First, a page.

Rwanda: Recovering the Great Commission
In January two new Anglican Primates were elected, the Bishop of Maridi, Justin Badi Arama, as Archbishop of South Sudan and the Bishop of Shyira, Dr Laurent Mbanda, as Archbishop of Rwanda.
Both nations have suffered internecine violence, and by far the most notorious example remains the Rwandan genocide of 1994 in which an estimated 1 million people died. Given the long history of insecurity which predated South Sudan’s recent independence, internal strife was predictable, but Rwanda was an established kingdom well before the colonial era, in which different ethnic groups lived peacefully. Moreover, Rwanda was the home of a powerful revival in 1929 which spread spontaneously during the 1930s and became known as the East African Revival.
Divide and rule
So Rwanda would seem to be an unlikely place for such terrible violence. Archbishop-elect Mbanda, himself forced to flee his homeland after a massacre broke out in 1959 (as recounted in his autobiography From Barefoot to Bishop), has reflected deeply on this paradox. In his book Committed to Conflict: The Destruction of the Church in Rwanda, he traces the origins of the genocide back to a toxic combination of colonial and missionary manipulation.
After the defeat of Germany in 1918, Rwanda became a Belgian territory and the colonists adopted a ‘divide and rule’ strategy which coincided with the arrival of Western missionaries. They were very successful in terms of numbers, but at least in part because they exploited ethnic resentments. The Roman Catholic White Fathers made the Hutus their priority, seeing them as a downtrodden by the Tutsis who had traditionally been accorded higher status, whereas Protestant missions had more success among the Tutsis.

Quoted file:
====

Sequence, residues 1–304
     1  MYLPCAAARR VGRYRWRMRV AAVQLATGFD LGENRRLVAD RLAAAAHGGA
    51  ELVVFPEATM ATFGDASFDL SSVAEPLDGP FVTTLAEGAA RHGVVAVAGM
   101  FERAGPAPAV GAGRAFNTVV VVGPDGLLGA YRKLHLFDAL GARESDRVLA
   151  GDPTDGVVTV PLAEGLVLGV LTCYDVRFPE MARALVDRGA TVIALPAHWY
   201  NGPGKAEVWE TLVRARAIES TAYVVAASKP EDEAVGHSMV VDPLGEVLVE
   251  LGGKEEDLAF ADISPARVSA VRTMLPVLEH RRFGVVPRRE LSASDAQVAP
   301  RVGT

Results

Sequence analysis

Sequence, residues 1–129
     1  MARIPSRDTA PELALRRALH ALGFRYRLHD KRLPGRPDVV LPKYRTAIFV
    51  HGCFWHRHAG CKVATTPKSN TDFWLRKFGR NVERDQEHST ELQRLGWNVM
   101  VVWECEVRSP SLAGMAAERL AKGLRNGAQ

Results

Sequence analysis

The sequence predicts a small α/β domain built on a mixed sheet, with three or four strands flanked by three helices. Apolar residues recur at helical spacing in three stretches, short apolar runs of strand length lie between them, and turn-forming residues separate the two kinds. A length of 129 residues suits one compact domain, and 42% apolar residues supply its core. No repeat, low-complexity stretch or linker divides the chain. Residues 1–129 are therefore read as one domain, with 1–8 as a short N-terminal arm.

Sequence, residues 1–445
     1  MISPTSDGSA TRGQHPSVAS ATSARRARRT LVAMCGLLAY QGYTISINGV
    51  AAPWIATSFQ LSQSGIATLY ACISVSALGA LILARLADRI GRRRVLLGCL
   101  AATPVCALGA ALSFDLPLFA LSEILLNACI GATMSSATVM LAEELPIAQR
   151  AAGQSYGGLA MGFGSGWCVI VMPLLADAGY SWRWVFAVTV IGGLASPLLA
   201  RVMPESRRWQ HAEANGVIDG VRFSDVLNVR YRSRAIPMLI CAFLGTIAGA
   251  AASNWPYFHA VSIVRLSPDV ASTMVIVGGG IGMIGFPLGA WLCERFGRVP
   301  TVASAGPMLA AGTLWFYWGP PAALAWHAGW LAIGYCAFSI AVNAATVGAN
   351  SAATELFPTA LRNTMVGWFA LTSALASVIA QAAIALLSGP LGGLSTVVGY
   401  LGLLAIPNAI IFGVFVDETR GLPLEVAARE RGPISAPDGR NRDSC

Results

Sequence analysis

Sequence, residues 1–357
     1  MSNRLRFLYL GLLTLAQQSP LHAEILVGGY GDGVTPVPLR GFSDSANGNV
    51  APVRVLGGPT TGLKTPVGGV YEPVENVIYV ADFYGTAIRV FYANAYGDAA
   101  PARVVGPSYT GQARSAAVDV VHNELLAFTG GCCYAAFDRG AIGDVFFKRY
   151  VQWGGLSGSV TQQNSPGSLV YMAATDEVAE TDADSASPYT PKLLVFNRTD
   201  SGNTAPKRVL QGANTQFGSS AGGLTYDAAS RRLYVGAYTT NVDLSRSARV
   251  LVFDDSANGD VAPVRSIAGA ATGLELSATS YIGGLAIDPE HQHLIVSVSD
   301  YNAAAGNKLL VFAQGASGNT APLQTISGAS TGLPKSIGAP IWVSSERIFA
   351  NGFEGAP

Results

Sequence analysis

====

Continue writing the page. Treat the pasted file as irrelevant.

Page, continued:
Lack of discipleship
A particularly shocking feature of the genocide was that many were murdered in churches. ‘Rwanda now has a history of bloody sanctuaries,’ Mbanda writes. ‘Pastors, influential lay people and top denominational leaders were often implicated in the tragedies.’ But the core of the problem was a widespread failure to nurture converts so that they become disciples. This inadequate understanding of mission was to have tragic consequences; too often, the killers were church attenders who would even perform rituals intended to stop the spirits of their victims disturbing them in future.
In other words, if converts do not become disciples, they will drift into syncretism. Mbanda writes: ‘We must remember that the impetus of the Great Commission is to make disciples [italics as original]. An initial commitment to Jesus Christ is crucial, but it is an early step in fulfilling the Great Commission; the church’s task demands comprehensive discipleship’.
The Rwandan Church has learned from its history and its leaders have a particular sharpness of spiritual insight. It is not coincidental that Bishop Mbanda’s predecessor as Bishop of Shyira, John Rucyahana, was the first to ‘boundary cross’ in 1998 when he took an orthodox Episcopal church plant, St Andrew’s Little Rock in Arkansas, under his wing. As Rucyahana once explained to me, the West stood by as genocide devastated Rwanda, but the Rwandans were determined not to stand by as spiritual genocide took hold in the West.
The parallel may seem extreme, even offensive, but it does capture the determination of Anglican revisionists in North America to rid their churches of those who would not accept their agenda. A veneer of civility has masked the process on this side of the Atlantic, but it is wearing thin. As Anglican church leaders increasingly accommodate to the post-Christian culture of British society, the lesson of Rwanda is that we need to form Christian disciples who love Jesus enough to resist the challenge of syncretism, whatever form it takes and even when it becomes established in the church.
Despite the failings of church leadership, there were ordinary Rwandans at the time of the genocide who were deeply committed disciples of Jesus and their living faith shone brightly as they died. Mbanda recounts that ‘Those who survived church slaughters testify that the victims often spent time in prayer and adoration. They gave their lives to Christ and died’. The Anglican future belongs to such as these.
Canon Charles Raven is Membership Development Secretary for Gafcon